The family of an arts school graduate killed in a fatal building demolition as she shopped at a Philadelphia Salvation Army store, filed the first wrongful death lawsuit this week regarding the collapse.
On June 5th, the building collapsed, killing six people, one of which was 24-year-old Mary Lea Simpson, a figure skater and art school graduate of suburban Haverford, as well as her childhood friend, Anne Bryan. Bryan is the daughter of Nancy Winkler, Philadelphia city treasurer.
The young women were dropping off clothes for donation and shopping when a high brick wall from an adjacent building that was left unsupported during demolition, collapsed onto the small thrift store, trapping 19 people.
The Simpson family’s lawsuit blames the Salvation Army, adjacent building owner Richard Basciano and his demolition contractors, among others, for her death.
This is not the first time Basciano has been involved in a wrongful death lawsuit. In 1997 he was sued over the death of a Philadelphia judge who was killed when part of a garage collapsed on a sidewalk, resulting in a multi-million dollar settlement.
The lawsuit blames the Salvation Army for having the store remain open during the demolition, and Basciano and contractors Griffin Campbell and Sean Benschop for crafting a risky plan, including starting work on the project before securing permits.
In fact, the lawsuit states that the organization was warned of “an uncontrolled collapse.”
Basciano was once dubbed the “porn king of Times Square.” He was recently redeveloping a seedy block of Market Street in Philadelphia’s business area. Basciano was feuding with the Salvation Army over the demolition plan in the months and weeks leading up to the collapse, according to emails released by the city.
Basciano wanted access to the space above the Salvation Army so he could use a bucket truck to remove the four-story brick wall by hand, as was recommended by demolition experts. But the negotiations stalled, even as Basciano’s attorneys warned him of the risk to the public.
The delay “posed a threat to life, limb and public safety,” Basciano’s lawyers warned the Salvation Army.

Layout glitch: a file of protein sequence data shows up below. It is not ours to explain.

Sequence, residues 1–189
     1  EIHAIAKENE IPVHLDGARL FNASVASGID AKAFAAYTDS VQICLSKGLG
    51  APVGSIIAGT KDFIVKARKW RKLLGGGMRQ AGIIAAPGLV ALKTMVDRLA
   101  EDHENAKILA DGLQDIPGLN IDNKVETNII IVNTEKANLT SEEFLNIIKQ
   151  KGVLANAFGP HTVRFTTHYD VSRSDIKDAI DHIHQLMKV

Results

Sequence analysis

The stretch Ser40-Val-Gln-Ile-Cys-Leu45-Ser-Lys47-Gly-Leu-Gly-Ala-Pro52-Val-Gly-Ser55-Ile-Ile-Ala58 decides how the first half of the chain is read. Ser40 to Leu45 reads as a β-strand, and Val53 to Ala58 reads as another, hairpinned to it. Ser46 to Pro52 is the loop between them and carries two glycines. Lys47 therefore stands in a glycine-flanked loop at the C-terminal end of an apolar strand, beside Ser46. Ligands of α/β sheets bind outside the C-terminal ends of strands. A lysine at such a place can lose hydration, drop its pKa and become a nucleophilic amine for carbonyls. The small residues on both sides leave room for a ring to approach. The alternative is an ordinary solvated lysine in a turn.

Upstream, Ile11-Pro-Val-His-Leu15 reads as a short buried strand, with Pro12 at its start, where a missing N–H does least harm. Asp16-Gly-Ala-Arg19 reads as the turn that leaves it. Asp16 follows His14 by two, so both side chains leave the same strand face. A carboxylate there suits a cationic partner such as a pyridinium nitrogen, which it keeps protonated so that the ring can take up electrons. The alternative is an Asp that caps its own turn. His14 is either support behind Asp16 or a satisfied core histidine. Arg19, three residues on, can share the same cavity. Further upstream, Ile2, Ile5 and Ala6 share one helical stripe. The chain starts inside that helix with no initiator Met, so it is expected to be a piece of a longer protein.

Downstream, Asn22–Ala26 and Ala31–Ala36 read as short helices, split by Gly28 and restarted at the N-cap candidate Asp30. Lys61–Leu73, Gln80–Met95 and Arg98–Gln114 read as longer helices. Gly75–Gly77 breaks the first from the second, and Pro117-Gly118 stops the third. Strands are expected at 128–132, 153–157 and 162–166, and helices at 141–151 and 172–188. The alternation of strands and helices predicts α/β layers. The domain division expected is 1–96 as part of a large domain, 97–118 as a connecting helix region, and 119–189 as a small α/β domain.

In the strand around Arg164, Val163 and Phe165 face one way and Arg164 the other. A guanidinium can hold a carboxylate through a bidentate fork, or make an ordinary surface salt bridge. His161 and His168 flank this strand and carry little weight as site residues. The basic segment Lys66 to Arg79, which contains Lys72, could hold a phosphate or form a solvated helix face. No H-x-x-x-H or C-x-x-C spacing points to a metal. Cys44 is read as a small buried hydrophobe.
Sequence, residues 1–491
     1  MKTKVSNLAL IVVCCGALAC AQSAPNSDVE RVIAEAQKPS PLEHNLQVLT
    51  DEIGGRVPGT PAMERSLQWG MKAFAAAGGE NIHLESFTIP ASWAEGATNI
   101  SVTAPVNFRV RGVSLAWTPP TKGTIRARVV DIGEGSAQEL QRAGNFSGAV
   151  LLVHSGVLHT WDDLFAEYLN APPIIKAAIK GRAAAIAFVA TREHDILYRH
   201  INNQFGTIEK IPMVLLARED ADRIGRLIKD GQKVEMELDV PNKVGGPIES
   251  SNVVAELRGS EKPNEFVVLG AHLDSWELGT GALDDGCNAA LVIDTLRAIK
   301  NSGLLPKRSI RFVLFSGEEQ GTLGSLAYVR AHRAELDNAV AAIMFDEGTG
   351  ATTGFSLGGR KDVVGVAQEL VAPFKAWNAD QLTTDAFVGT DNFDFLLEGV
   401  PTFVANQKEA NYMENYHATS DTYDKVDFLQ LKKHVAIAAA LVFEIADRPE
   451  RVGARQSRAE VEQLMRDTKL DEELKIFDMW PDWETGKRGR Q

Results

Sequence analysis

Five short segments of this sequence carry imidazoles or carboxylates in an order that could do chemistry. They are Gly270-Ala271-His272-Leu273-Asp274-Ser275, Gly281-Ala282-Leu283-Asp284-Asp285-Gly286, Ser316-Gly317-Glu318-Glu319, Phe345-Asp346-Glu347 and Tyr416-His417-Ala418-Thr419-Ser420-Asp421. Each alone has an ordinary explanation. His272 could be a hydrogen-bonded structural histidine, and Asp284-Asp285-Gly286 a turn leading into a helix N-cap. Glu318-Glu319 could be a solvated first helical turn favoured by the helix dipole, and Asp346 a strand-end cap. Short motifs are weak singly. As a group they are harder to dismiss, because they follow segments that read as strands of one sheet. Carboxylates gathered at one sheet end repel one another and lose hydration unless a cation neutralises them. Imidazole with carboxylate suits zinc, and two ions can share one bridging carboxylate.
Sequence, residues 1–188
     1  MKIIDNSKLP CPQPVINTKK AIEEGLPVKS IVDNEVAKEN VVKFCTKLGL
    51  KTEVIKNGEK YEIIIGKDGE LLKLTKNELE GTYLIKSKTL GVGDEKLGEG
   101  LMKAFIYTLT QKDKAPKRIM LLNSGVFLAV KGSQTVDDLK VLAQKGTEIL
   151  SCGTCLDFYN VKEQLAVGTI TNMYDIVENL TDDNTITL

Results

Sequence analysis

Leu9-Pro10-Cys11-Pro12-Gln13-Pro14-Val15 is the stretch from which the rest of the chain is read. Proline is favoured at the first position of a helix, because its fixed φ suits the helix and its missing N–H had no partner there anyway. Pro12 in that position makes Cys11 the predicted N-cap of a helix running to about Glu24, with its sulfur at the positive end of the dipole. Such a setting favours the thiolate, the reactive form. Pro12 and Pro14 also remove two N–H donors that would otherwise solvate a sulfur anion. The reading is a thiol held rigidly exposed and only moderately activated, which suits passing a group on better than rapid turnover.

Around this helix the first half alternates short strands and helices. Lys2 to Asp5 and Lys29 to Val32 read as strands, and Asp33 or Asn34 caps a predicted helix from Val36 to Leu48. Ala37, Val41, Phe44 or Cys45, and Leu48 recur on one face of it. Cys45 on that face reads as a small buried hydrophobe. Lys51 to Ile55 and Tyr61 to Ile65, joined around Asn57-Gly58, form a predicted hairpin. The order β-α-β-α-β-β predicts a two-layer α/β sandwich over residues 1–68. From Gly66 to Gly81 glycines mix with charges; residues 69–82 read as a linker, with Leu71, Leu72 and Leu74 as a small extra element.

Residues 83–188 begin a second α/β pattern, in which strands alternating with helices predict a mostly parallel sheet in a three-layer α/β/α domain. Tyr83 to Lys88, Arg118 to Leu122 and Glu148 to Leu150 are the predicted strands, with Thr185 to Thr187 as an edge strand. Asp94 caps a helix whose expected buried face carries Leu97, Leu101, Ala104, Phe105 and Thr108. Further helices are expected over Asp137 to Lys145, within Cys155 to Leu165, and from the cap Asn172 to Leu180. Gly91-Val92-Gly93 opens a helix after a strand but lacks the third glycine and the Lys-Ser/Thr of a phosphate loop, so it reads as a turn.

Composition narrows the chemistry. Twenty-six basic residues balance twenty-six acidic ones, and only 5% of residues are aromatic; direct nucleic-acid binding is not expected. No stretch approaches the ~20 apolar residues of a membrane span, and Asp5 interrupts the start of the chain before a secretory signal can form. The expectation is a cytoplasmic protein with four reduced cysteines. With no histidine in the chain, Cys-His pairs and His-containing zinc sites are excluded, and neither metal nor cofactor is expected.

An architect for the Salvation Army had found both buildings stable on May 20th and the charity was told no structural demolition would begin until the disputes were resolved. However, a video taken June 2nd shows an excavator being used to tear part of the building down.
The suit states that the architect working for STB issued an internal letter on February 5thstating that the Salvation Army store was in poor structural shape and “in an extreme state of neglect and repair.”
But still STB continued with the demolition of the neighboring buildings, according to the complaint. Demolition proceeded without the safety of protective scaffolding, nor was a boom bought in as should have been required, the suit states.
Records show that an STB property manager notified the Salvation Army he would need access to the thrift shop, “to temporarily install protection.” A team from all parties met, but failed to compromise on several issues, the suit said.
Although the property manager urged the Salvation Army to respond, the parties remained at an impasse over the cost of a boom and other issues. It was reported that an attorney for STB contacted an attorney for the Salvation Army on May 15th and warned of “risks to the public and all property owners of an uncontrolled collapse of part or loose debris.”
The suit claims that the Salvation Army officials never responded to that specific letter.
A criminal grand jury investigation is underway. Benschop, the only person charged to date, is due in court September 17th for a preliminary hearing in his involuntary manslaughter case. His wife has called him a scapegoat.
The most seriously injured survivor, 52-year-old Mariya Plekan, filed suit last week over her injuries. She lost both legs after spending close to 13 hours in the rubble.
The Simpson lawsuit was filed by her brother and executor, George B. Simpson of San Jose, California, on behalf of himself and their parents, Dr. Zachary W. Simpson and Starr Harris Simpson of Haverford. The family is seeking unspecified damages.
The Salvation Army never should have remained open after being warned repeatedly that the structure was unsafe. The building owner, Basciano definitely should not have taken any chances risking lives, especially after part of his garage collapsed in 1997, killing a judge, for which he was found liable. Feel free to comment on this blog post. You can contact one of our Gacovino Lake attorneys at 1-800-246-HURT (4878).